A large minority of people who have health insurance aren’t sure what’s covered by their plans.
And too many people with insurance are still afraid to use it because of worries about the costs they believe they will face from going to the doctor—despite the fact that a sizable fraction of them have a chronic condition, according to the results of a new survey.
All of those findings, outlined in a survey released Thursday by SCIO Health Analytics, are a worrisome counterpoint to the fact that many previously uninsured Americans are now getting health coverage due to provisions of the Affordable Care Act.
The results suggest that the benefits of providing people with health coverage are lessened to a certain degree by people not using that coverage correctly, and thus incurring unnecessary health costs down the road.
“These findings are particularly relevant at this time as millions of Americans are once again deciding their annual health-care benefit options through open enrollment,” said Siva Namasivayam, CEO of SCIO Health Analytics, whose customers included major insurers, pharmacy benefit managers and other health-care organizations.
“While Americans are spending time researching health plans, the survey reveals a significant knowledge gap in the specifics of their health-care options that may lead to unnecessary risks and costs,” Namasivayam said.
SCIO’s survey was conducted online by Harris Poll, which questioned more than 2,000 people age 18 and older, 1,872 of whom reported having health insurance at the time. The survey was taken about two weeks before open enrollment began on government-run health insurance marketplaces.
The poll found that 38 percent of respondents lack a good understanding of the health services covered by their current insurance plan. That is the equivalent to some 84 million Americans. Young adults were almost twice as likely as adults age 65 and older to say they didn’t have a good understanding of their plan’s scope, according to the survey.
The poll also found that 20 percent of respondents said they had “avoided visiting a doctor for a general health concern within the past 12 months because of cost concerns.” Men were significantly more likely to avoid doctors’ visits because of cost worries than women.
SCIO noted that about half of U.S. adults have at least one chronic condition, such as heart disease, asthma or diabetes. The findings suggest that as many as 16 million adults with chronic conditions who could benefit from health-care treatment have skipped going to the doctor because they are worried about cost.
Given the fact that “treatment costs for Americans with chronic conditions are already around $277 billion annually,” the company said, if people avoid getting treatment for them, there are increased risks of complications, emergency room visits, hospitalizations and other consequences “that could potentially drive health-care costs even higher.”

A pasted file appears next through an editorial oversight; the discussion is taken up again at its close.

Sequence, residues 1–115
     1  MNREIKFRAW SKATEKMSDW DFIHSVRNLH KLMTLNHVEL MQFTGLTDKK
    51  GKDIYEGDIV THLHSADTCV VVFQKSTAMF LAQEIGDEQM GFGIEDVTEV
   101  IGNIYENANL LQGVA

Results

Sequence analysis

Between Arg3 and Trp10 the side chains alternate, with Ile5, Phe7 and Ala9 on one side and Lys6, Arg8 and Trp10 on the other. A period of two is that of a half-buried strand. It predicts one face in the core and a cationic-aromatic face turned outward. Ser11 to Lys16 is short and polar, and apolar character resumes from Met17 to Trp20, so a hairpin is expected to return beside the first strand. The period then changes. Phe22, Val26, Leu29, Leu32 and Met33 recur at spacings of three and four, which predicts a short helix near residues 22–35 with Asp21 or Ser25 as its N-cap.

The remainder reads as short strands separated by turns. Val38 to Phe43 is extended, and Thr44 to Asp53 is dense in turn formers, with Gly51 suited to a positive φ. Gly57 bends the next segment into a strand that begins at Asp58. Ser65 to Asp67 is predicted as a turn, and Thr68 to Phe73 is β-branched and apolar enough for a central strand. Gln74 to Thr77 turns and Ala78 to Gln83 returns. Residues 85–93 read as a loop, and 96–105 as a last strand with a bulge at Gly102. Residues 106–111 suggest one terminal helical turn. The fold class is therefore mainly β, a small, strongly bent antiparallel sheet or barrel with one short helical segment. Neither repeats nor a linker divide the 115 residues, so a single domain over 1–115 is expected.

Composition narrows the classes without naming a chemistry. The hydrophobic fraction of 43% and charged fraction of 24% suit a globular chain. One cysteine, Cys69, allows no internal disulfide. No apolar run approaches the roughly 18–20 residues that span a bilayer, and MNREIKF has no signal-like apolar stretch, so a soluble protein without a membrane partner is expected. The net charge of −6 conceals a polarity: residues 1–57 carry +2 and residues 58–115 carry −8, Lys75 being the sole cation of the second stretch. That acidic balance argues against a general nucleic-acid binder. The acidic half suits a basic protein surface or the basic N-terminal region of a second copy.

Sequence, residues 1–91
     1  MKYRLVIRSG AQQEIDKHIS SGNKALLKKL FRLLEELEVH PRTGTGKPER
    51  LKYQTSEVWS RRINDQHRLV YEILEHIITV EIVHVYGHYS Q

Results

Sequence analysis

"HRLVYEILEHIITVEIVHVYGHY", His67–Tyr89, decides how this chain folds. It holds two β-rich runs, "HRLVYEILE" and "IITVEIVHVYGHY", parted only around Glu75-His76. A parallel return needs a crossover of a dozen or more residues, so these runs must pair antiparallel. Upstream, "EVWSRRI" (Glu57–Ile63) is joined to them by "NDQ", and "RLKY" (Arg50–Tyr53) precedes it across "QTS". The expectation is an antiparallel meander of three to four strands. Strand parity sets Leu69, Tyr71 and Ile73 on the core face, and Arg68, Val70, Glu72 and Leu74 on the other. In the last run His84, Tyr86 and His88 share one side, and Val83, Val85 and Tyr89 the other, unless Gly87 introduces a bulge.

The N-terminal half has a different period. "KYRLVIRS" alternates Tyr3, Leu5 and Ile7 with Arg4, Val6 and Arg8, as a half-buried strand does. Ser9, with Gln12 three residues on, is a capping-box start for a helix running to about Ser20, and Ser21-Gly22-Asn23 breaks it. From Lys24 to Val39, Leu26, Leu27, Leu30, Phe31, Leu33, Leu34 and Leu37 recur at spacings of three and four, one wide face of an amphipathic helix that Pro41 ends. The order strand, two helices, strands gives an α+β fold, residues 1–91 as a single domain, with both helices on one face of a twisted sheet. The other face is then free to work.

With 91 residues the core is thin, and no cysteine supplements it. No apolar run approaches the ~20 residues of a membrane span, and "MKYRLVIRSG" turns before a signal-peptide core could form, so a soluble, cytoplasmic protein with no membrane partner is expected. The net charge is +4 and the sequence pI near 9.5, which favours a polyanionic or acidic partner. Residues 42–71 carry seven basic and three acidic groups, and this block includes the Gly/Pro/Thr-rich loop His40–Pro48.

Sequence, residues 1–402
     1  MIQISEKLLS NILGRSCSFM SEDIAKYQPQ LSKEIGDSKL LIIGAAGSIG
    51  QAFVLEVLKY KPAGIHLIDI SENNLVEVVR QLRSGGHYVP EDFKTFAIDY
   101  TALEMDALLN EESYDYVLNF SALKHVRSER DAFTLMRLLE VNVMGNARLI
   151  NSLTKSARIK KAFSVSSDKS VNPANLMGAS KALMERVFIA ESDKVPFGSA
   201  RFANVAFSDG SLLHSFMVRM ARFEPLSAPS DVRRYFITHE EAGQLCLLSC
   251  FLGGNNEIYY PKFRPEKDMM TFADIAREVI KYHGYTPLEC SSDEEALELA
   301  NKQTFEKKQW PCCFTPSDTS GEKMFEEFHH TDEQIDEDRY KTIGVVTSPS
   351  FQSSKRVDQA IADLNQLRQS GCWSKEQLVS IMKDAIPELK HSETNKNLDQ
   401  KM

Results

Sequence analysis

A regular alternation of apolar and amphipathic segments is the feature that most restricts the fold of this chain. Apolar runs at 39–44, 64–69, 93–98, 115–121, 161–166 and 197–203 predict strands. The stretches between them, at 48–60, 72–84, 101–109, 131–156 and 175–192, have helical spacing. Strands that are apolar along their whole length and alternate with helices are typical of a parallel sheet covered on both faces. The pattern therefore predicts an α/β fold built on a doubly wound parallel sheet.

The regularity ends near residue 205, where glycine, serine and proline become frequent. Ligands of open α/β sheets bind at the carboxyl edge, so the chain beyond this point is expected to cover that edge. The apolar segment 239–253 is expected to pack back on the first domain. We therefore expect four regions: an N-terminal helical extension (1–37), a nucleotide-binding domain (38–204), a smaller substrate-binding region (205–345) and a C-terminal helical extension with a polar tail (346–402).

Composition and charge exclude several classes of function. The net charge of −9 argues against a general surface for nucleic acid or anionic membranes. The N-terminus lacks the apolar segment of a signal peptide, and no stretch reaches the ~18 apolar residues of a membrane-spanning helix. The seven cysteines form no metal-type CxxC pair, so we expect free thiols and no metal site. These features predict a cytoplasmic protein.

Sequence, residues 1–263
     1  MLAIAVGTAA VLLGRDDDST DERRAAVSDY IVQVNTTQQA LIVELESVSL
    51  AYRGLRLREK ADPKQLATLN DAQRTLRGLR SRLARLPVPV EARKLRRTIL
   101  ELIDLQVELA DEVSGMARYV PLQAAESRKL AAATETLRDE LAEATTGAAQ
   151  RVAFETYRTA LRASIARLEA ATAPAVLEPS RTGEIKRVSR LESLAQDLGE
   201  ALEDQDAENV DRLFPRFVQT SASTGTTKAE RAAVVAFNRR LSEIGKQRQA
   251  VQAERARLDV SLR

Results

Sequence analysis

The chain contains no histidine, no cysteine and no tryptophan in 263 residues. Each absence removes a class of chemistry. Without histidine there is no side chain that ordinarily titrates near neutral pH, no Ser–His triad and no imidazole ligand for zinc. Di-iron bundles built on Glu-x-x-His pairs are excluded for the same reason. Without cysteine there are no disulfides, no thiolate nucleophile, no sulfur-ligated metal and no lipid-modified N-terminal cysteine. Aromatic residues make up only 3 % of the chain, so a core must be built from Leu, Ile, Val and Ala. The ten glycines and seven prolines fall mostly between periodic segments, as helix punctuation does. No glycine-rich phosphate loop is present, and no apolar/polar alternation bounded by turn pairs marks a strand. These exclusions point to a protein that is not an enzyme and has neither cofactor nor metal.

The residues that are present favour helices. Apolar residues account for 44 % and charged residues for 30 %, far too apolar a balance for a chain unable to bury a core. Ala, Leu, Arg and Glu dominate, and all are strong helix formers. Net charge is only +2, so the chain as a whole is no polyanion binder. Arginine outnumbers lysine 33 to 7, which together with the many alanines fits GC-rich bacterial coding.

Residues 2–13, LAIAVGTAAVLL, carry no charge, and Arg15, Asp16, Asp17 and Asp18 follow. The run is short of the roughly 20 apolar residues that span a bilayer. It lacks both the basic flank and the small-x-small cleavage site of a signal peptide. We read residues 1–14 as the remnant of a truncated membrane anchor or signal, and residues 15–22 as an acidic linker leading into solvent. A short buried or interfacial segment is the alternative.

Those worries are not necessarily based on a firm understanding of the costs, the poll found.
Almost half of the respondents in the survey, 44 percent, did not know what costs they would incur out-of-pocket for prescriptions drugs, such as co-pays, as opposed to what would be covered by their insurance plans.
And more than 61 percent of respondents said they did not know the costs they would face if they sought treatment from an urgent care or walk-in clinic facility.
Namasivayam told CNBC that his company’s customers were “definitely worried” even before the survey that newly insured people and others with low-levels of health-care literacy would be making poor decisions related to their health.
“It’s big time,” Namasivayam said of those concerns. “Because you now cost more [to insurers]. You are delaying the inevitable.”
“The prevention costs and the costs of taking good care of themselves is actually less than the person ending up in the ER 12 or 24 months down the road,” he said. “They are going to cost you maybe five to 10 times more than the cost of prevention and the cost of care.”
Namasivayam spoke Wednesday, hours after the Obama administration had announced that 7.15 million people have already enrolled in insurance effective this year on HealthCare.gov, the federally run marketplace that serves 37 states. That pace suggests that 10 million or more people will be enrolled nationally by the close of enrollment Feb. 15.
“I think that people are signing up, but people are signing up without having [a] clue about what they’re getting into,” he said. “The whole communication and literacy issue is a major hurdle. … Are you telling them what they need to know? Are you really driving them to be healthy?”
The enrollment surge and the reduction in the numbers of uninsured people nationally “could be a short-term gain,” Namasivayam said.
“But we may be paying in the long term if that literacy is not taken to the next step,” he said.
Namasivayam said he didn’t fault insured people for having difficulty figuring out their health-care plans, which he noted includes terms like out-of-pocket costs, co-insurance and co-payments are part of an often-complicated formula for determining what share of medical services are the responsibility of the health plan versus the customer.
“You almost need a Ph.D. in health-care economics to understand all this mumbo-jumbo,” he said.
While the media has paid significant attention to the Affordable Care Act, particularly during its first enrollment season last year, that hasn’t translated into widespread understanding of the health-care system, according to the survey’s results.
Sixty percent reported that they do not have a better grasp of how the health-care system works despite that coverage.